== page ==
We all love a good sleep… but unless you live in Italy or Spain where naps are part of life, chances are, you aren’t getting enough.

Our fast paced lifestyles have come at a cost… lack of sleep and / or lack of quality sleep.  According to the Sleep Health Foundation of Australia we should be looking at around 7 hours plus of sleep per night depending on age (check out the link at the bottom for your age dependent sleep needs).  Although the amount of sleep isn’t necessarily as important as the sleep quality itself.

According to Mathew Walker who is a professor of Neuroscience and Psychology at the University of California and the founder of of the Centre for Human Sleep Science insufficient sleep has causal links to diseases and sickness such as obesity, stroke, diabetes & alzheimers.

Below is a list of practices that you can use to help improve the quality of your sleep:

  • Keep a regular sleep schedule – By sticking to a regular sleep schedule your body will know when to release calming hormones before bed and stimulating hormones to wake up.
  • Exercise regularly – Physical movement can promote a restful sleep at night as the body is looking to recover.
  • Have a balanced diet – A healthy balanced diet will help the body function properly which will in turn help you sleep.
  • Keep alcohol and caffeine moderate – Try to avoid caffeine 8-9 hours before your bedtime.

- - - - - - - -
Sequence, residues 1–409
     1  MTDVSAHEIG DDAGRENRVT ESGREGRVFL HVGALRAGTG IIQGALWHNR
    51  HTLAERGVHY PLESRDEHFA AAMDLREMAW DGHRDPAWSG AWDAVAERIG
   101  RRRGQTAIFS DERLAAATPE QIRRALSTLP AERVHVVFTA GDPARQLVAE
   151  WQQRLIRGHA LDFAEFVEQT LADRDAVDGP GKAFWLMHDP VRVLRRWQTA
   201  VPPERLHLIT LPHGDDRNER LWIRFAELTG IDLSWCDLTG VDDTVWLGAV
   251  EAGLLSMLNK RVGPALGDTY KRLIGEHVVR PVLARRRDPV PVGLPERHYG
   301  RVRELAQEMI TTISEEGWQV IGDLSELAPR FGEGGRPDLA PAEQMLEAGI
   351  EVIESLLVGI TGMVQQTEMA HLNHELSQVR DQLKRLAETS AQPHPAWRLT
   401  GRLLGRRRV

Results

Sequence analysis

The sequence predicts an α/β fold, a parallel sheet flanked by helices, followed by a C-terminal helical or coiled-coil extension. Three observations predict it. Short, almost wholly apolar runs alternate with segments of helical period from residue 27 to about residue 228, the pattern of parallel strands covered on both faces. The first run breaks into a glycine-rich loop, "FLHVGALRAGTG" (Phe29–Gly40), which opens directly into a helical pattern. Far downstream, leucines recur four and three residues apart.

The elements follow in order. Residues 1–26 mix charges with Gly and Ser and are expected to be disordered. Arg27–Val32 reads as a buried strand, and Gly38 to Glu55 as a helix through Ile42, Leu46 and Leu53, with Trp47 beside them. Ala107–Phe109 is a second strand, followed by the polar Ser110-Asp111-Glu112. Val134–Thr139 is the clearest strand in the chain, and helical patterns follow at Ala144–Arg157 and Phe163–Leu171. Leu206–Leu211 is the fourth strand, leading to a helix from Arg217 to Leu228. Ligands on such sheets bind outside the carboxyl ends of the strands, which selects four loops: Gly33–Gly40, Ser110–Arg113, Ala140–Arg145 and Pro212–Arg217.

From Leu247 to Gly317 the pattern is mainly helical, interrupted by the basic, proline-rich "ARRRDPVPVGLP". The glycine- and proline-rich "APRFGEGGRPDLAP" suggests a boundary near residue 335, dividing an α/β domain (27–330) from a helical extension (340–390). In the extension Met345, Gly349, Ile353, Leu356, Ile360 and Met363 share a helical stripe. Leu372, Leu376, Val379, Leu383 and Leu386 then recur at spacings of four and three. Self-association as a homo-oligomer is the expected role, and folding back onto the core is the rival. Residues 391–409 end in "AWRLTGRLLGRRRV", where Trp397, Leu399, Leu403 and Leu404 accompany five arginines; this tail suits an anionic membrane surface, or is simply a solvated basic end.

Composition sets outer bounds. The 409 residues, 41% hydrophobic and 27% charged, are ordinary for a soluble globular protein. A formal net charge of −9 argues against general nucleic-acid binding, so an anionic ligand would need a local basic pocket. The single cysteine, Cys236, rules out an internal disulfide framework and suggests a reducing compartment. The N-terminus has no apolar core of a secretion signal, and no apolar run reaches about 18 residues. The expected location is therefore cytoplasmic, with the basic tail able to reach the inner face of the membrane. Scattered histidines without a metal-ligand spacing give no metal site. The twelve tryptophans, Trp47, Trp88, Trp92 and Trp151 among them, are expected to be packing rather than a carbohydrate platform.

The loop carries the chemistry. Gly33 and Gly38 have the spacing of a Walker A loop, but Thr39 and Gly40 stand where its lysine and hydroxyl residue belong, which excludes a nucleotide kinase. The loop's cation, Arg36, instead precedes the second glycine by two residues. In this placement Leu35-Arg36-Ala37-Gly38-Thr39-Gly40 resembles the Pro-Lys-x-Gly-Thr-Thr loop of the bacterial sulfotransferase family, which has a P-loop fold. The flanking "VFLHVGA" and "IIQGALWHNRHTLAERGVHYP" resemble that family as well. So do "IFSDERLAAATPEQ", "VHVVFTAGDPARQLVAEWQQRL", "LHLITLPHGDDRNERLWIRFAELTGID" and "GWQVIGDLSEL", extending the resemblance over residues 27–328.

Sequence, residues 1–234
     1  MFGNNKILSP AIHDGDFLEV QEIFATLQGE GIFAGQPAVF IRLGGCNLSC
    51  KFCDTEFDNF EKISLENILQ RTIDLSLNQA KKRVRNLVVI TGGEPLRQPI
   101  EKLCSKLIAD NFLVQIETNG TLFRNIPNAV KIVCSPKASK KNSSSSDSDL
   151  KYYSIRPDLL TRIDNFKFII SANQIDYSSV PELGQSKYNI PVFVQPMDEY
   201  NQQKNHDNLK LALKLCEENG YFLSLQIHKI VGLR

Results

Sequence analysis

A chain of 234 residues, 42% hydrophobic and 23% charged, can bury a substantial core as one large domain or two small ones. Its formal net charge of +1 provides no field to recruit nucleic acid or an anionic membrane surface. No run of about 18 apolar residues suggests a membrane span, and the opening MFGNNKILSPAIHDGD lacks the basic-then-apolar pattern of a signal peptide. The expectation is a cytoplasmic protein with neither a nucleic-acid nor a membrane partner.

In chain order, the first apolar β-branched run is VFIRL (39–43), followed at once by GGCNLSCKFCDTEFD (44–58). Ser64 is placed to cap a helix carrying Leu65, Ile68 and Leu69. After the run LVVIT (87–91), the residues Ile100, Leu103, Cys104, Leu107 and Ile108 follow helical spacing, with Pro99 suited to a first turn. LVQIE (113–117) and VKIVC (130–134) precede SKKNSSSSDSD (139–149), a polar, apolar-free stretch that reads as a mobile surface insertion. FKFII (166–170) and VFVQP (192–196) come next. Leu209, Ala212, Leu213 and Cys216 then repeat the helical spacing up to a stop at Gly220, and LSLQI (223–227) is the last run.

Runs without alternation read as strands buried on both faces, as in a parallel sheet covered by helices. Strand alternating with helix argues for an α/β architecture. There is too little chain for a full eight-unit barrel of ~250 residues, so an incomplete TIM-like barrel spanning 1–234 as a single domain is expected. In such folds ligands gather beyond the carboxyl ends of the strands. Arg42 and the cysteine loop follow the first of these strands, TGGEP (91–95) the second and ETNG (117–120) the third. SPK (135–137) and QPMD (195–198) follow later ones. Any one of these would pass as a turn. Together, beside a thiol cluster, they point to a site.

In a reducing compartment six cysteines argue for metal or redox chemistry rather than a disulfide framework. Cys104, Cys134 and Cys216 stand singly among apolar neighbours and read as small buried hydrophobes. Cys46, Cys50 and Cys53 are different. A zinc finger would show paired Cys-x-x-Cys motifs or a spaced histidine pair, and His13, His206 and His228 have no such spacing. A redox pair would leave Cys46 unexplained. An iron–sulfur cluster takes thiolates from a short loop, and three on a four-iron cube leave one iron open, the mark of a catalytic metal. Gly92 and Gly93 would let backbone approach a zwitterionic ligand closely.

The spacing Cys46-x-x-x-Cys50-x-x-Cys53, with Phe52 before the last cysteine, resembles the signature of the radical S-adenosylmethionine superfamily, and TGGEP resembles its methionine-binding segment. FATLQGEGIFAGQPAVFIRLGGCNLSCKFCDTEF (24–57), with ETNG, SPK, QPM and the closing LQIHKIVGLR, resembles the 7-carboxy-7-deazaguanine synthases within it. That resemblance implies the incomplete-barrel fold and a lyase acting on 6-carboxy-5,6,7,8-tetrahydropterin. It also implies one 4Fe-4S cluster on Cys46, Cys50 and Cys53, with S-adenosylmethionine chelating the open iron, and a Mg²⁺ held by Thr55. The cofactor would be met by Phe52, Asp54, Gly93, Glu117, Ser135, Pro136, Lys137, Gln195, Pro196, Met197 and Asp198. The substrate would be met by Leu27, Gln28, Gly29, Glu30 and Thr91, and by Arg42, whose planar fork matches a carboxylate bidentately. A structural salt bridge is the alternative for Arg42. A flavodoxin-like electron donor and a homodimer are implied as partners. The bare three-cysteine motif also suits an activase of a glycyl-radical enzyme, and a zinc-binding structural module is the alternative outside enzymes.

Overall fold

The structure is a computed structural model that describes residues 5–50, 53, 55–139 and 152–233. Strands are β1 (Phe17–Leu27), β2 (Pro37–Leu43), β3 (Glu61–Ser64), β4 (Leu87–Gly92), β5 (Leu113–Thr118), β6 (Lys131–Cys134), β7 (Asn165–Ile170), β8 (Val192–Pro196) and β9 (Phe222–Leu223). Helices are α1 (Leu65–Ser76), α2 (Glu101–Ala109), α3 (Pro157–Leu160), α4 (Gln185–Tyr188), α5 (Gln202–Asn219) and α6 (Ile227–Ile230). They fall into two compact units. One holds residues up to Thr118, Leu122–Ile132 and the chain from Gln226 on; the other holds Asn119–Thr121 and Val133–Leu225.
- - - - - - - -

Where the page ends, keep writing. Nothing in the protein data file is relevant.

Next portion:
• Turn off electronics – Our digital devices stimulate the brain, try to avoid tv’s, computers, tablets and smartphones 30 minutes before bed.  The screens release a blue light that prevents our brains from preparing for sleep.
  • Stretch or destress – Try doing some yoga, reading or meditation to help calm the mind.
  • Sleep for at least 7 hours – Set yourself a regular bedtime and work towards sticking to it as much as possible. 
  • Take a bath or shower – A warm bath with epsom salts can promote restful sleep.
  • Keep the room dark – Install dark curtains or shades on the windows or use a sleep mask.
  • Keep the room cool – Anywhere around 15 – 20 degrees.
  • Do an information dump – Write down anything that is bothering you or any ideas that you have to help avoid thinking about them when trying to get to sleep.
  • Use white noise – Turn on a fan or humidifier.
  • Get some sunlight and fresh air during the day.

If you are interested in hearing more about the benefits / risks associated with sleep, we suggest listening to the Joe Rogan podcast (1109) with Mathew Walker.  http://podcasts.joerogan.net/podcasts/matthew-walker

If you have any questions or would like help with your own diet or training, contact us at



  • The Essentials of Sport & Exercise Nutrition, third edition – Precision Nutrition